Appeal: The revolutionary human compost that has changed the face of farming in Mozambique

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The Independent Online

So remote and impoverished is the province of Niassa after decades of colonial neglect and civil war, that some locals describe it as Mozambique's Siberia. Yet the village of Matimangwe, 2,300 miles from the capital Maputo, is a place where the demands of beating hunger and disease have merged with innovation to dramatically transform organic agricultural practices.

So remote and impoverished is the province of Niassa after decades of colonial neglect and civil war, that some locals describe it as Mozambique's Siberia. Yet the village of Matimangwe, 2,300 miles from the capital Maputo, is a place where the demands of beating hunger and disease have merged with innovation to dramatically transform organic agricultural practices.

At the centre of this transformation is the EcoSan, a latrine system in which human waste is harnessed into a compost that villagers say is 100 per cent more effective than conventional fertilisers in ensuring sizeable harvests.

When WaterAid, through Estamos, its water and sanitation partner in Niassa, introduced the idea of ecological sanitation to Joaquim Ajibo, he and many villagers in Matimangwe were sceptical. They thought it tantamount to eating their own faeces and drinking their own urine.

But as Mr Ajibo and others realised the benefits of the safe handling of excreta, their doubts disappeared. He said: "The latrine compost is far more effective than the artificial fertilisers which are too expensive anyway and beyond our reach."

Mr Ajibo, 27, vividly recounts growing up in a village amid daily deaths and despair from disease and a lack of proper nutrition, sanitation and clean water. That was until WaterAid and Estamos introduced the concept of ecological sanitation to the sprawling village of more than 2,500 people, helping to revolutionise organic farming.

It took a £10 investment to build Mr Ajibo's EcoSan, half of which was donated by WaterAid via Estamos in the form of cement and a plastic sheet. The remainder was Mr Ajibo's contribution in the form of bamboo poles and traditional ropes he fetched from the bush to complete his latrine.

On completion of the EcoSan, all the human waste excreted into the pit latrine by his family and other villagers became properly managed resources that put the village on the road to sustainable food sufficiency and development. Diseases spawned by the stinking, fly-infested traditional latrines were consigned to the past.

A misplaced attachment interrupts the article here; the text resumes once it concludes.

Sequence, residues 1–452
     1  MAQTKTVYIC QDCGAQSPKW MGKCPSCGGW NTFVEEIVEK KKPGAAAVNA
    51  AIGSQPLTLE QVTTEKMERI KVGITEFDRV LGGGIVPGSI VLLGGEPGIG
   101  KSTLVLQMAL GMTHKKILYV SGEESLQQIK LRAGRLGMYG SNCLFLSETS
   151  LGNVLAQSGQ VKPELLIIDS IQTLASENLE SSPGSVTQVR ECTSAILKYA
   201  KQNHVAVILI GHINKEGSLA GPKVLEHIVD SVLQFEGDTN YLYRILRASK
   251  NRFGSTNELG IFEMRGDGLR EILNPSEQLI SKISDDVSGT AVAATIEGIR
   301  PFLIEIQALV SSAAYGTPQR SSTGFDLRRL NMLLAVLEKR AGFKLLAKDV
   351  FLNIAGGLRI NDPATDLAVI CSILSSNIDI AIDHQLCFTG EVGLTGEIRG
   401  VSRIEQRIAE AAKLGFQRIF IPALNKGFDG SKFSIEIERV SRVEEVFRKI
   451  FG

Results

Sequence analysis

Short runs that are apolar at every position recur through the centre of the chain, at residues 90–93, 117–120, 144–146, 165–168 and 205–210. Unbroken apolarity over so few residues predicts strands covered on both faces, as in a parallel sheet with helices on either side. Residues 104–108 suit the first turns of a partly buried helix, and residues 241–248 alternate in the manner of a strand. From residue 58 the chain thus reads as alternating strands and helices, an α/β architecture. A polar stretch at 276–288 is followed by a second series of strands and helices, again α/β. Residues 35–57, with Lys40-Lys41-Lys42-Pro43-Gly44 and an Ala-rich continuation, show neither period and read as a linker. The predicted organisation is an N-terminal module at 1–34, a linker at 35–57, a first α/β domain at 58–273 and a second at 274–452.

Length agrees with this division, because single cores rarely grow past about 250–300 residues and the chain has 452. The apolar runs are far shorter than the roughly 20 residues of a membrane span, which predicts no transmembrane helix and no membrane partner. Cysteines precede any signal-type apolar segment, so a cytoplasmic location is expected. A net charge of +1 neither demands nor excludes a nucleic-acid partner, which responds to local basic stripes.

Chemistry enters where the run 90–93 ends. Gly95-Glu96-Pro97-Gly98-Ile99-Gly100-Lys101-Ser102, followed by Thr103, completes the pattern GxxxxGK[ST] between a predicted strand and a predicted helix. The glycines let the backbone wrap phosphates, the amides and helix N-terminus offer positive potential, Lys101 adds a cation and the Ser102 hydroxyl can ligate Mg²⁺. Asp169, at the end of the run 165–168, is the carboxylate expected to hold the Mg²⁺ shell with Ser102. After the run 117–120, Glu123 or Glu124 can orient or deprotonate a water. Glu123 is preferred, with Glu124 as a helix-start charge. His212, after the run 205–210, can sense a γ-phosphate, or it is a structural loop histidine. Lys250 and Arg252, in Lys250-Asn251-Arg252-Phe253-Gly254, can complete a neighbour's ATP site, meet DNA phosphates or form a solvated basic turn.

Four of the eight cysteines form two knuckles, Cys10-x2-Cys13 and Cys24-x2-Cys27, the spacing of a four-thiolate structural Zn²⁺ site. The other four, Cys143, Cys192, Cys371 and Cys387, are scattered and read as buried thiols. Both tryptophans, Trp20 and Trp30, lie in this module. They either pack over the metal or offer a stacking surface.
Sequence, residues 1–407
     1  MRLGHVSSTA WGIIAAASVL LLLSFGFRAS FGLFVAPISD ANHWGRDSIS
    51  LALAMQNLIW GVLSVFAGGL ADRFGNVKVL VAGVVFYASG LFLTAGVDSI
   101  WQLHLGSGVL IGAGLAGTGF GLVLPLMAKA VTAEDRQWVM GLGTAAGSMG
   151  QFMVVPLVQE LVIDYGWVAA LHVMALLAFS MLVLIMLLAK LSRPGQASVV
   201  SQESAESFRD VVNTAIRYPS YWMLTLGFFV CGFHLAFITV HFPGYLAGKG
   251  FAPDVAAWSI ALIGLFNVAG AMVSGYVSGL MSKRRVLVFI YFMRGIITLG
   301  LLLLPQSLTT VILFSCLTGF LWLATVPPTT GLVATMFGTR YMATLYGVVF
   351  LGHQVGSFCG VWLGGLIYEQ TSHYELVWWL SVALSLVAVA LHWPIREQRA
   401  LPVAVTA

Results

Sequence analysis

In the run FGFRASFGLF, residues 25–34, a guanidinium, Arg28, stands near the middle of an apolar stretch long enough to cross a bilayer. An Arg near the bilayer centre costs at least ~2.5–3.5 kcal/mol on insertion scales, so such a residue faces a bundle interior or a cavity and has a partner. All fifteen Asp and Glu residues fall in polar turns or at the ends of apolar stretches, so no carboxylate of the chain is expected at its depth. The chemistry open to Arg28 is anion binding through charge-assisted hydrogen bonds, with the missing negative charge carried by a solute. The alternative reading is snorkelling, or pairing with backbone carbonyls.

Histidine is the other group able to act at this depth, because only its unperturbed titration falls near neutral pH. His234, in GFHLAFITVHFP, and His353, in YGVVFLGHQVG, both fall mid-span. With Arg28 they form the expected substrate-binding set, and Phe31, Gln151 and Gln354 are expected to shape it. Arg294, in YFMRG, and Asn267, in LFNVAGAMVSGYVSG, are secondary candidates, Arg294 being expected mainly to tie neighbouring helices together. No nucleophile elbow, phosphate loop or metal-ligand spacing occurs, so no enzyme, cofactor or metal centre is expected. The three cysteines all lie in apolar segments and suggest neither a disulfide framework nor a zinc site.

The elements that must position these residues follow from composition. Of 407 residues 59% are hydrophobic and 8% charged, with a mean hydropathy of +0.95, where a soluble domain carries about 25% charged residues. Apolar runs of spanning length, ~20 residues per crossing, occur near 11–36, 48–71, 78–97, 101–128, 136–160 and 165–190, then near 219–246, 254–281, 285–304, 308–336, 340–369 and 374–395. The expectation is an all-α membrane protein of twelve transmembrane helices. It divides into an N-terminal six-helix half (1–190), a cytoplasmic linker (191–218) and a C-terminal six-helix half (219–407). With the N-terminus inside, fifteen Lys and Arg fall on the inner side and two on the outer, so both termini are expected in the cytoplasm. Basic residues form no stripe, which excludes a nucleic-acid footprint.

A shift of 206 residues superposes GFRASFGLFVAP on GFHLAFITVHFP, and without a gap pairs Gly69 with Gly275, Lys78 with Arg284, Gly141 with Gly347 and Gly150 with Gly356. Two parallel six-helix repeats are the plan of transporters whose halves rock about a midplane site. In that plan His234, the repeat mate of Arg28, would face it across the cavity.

Harnessing the latrine compost is a simple matter. Once a hand-dug latrine is filled and soil and ash are added, it is covered for up to eight months while the family moves on to the next pit.

During the composting process, harmful pathogens in the faeces die off due to lack of moisture. What remains is a rich humus which is used in the fields to boost food production.

Mr Ajibo is proud of how the EcoSan has transformed his life. He said: "It's properly covered and attracts no flies and bugs. It offers good sanitation and if properly managed it virtually means no diseases here.

"There has been a marked improvement in diseases caused by improper sanitation since we introduced the latrine."

He says the greatest benefit is the value that the latrine has brought to agriculture, by dramatically increasing harvests, as better quality crops are produced from the rich nutrients in the compost.

Omar Salimo, Mr Ajibo's partner in a farming association of 50 villagers, said: "Maize, spinach, lettuce, tomatoes and peppers particularly do extremely well under this kind of composite. Once the soil has been well fed with the compost, these crops just spring up from the soil and grow very fast. It is truly amazing."

Before the introduction of the system, the association could barely produce a harvest to feed their families from the four hectares they tilled, using artificial fertilisers. But thanks to the human waste compost, their holding is now 14 hectares of high value and quality crops using humus from the 20 latrines that WaterAid has helped to build.

The benefits are clear to see. Lush green leaves of maize and lettuce blanket vast swathes of earth where the compost has been used. Where it had not, crops had wilted into a pale yellow colour with no hope of recovery.

Mr Salimo said: "We are now not only able to produce quality crops for our subsistence, we are able to sell the extra ones and raise money to sink wells for clean drinking water and buy school materials like books and pens to help our children go to school."

Chief Bonoman Oman's goal is now to ensure that a latrine is built for each of the families in his village. "Our goal is more latrines - no deaths, more food," Mr Oman said.

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